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Friday, February 14 2014
Joshua 18: The Land Of Benjamin
"The lot of the tribe of the children of Benjamin came up according to their families: and the coast of their lot came forth between the children of Judah and the children of Joseph"
With the heartland of Israel acquired (see Joshua 11: The Land Rested From War and Joshua 13: The Frontiers) and the first tribal inheritances delivered (see Joshua 14: Caleb's Hebron, Joshua 15: Judah's Homeland, Joshua 16: Ephraim's Inheritance and Joshua 17: West Manasseh), the remainder of the tribal provinces of the Kingdom of Israel then progressed. As the priesthood of the LORD (Who was and is Jesus Christ - see Genesis 1: In The Beginning Was The Word and The Kingdom Of The LORD God), the Levites would be given towns and lands throughout all of the other tribes (see Numbers 18: The Inheritance Of The Levites; also Numbers 35: Cities Of Refuge).
"18:1 And the whole congregation of the children of Israel assembled together at Shiloh, and set up the tabernacle of the congregation there [see also Exodus 40: The Glory Of The LORD In His Tabernacle]. And the land was subdued before them. 18:2 And there remained among the children of Israel seven tribes, which had not yet received their inheritance.
The land allotment for Benjamin bordered Jerusalem and the tribal territory of Judah to the south. It was that geopolitical position that was the prime factor that caused the people of Benjamin to become part of the Kingdom of Judah rather than part of the northern Kingdom of Israel after Israel divided into "Israel" and "Judah" in the era of King Solomon (see the Fact Finder question below). If they had chosen to go with Israel, the "lost ten tribes" would be the "lost eleven tribes" (see Israel In History and Prophecy: The Lost Ten Tribes). Instead, the Benjamites today are identified as "Jews" (see the Fact Finder below).
"18:11 And the lot of the tribe of the children of Benjamin came up according to their families: and the coast of their lot came forth between the children of Judah and the children of Joseph.
This Day In History, February 14
842: Charles the Bald and Louis the German swore the Oaths of Strasbourg.
1014: Pope Benedict VIII crowned Henry II as Holy Roman Emperor (see The Holy Roman Empire Of The German Nation).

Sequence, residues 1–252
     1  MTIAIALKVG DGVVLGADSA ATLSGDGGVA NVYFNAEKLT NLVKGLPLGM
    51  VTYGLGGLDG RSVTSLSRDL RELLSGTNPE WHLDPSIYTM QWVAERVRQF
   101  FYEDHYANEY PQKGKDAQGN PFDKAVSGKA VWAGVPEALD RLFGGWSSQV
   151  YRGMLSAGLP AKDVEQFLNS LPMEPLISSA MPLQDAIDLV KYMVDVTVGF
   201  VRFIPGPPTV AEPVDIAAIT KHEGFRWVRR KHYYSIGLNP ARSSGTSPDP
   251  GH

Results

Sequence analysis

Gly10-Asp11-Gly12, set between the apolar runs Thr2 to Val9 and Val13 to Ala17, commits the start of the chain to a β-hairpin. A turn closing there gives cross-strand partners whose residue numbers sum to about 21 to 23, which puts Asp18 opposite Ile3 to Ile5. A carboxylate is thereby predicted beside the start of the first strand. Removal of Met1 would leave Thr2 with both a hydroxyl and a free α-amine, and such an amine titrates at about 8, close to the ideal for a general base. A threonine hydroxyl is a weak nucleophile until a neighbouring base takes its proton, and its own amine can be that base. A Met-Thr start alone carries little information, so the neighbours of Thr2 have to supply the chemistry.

1076: Pope Gregory VII excommunicated Henry IV, the Holy Roman Emperor (see Emperors and Popes).
1349: 2,000 Jews were burned at the stake in Strasbourg, Germany.
1400: The deposed King Richard II died "under suspicious circumstances" in Pontefract Castle in Yorkshire.
1658: The Battle of Bahadurgarh; it helped to decide the war of succession among the sons of Shah Jahan, Mughal emperor of India.
1779: British explorer Captain James Cook was killed by natives in Hawaii.
1797: The British fleet, under Admirals John Jervis and Horatio Nelson, defeated the Spanish at the battle of St. Vincent off Portugal.
1804: Karadjordje led the First Serbian Uprising against the Ottoman Empire.
1876: Inventors Alexander Graham Bell and Elisha Gray applied separately for U.S. patents related to the telephone. The U.S. Supreme Court eventually ruled that Bell was the rightful inventor.
1879: The War of the Pacific began between Chile and Bolivia.
1896: Der Judenstaat ("The Jewish State" - see A History Of Jerusalem: Zionism) by Theodor Herzl was published in Vienna; English and French translations soon followed.
1922: Italian inventor Guglielmo Marconi began the first regular radio broadcasting transmission from England.
1929: The "St. Valentine's Day Massacre" in Chicago. Al Capone's gang, in order to prevent the hijacking of whiskey shipments, killed 7 members of the Bugs Moran gang in a Chicago garage.
1939: The German navy launched the battleship Bismarck.
1942: The German Afrika Korps was organized under the command of Lt. Gen. (later Field Marshall) Irwin Rommel. It consisted of two armored divisions and one motorized infantry division. After initial successes, the Afrika Korps was defeated by British and Canadian forces under Field Marshal Bernard Montgomery.
1944 The Mark I, the first computer that could perform arithmetical operations without human intervention, was completed by inventor Howard Aiken. It was 51 feet long, 8 feet high, and weighed 35 tons. It had about 500 miles of wire and 3 million connections.
1946: An "electronic brain", or "computer", began working at the University of Pennsylvania, taking seconds to do calculations which normally took hours. It was called ENIAC, or Electronic Numerical Integrator And Computer.
1946: The Bank of England was nationalized.
1947: British Foreign Secretary Ernest Bevin announced that Britain was turning the "Palestine situation" over to the United Nations (see A History Of Jerusalem: The British Mandate).
1949: The first session of the Constituent Assembly (later entitled the Knesset) of the new state of Israel was opened (see A History Of Jerusalem: Zionism).
1958: The Arab Union, a federation of Jordan and Iraq, was formed to counter the formation of the United Arab Republic by Egypt and Syria 2 weeks earlier. King Hussein of Jordan dissolved it August 2 of that same year.
1971: Richard Nixon installed a secret taping system in the White House to record conversations of political enemies. The recording system later provided much of the criminal evidence that brought down Nixon himself.
1989: Iran's Ayatollah Khomeini ordered a worldwide death sentence for writer Salman Rushdie for his book "The Satanic Verses (see also Has Another Haman Arisen?).
1992: The European Community and the seven-nation European Free Trade Association struck a final deal, clearing the way for the creation of the world's biggest single free market, exceeding that of the combined markets of the United States and Canada.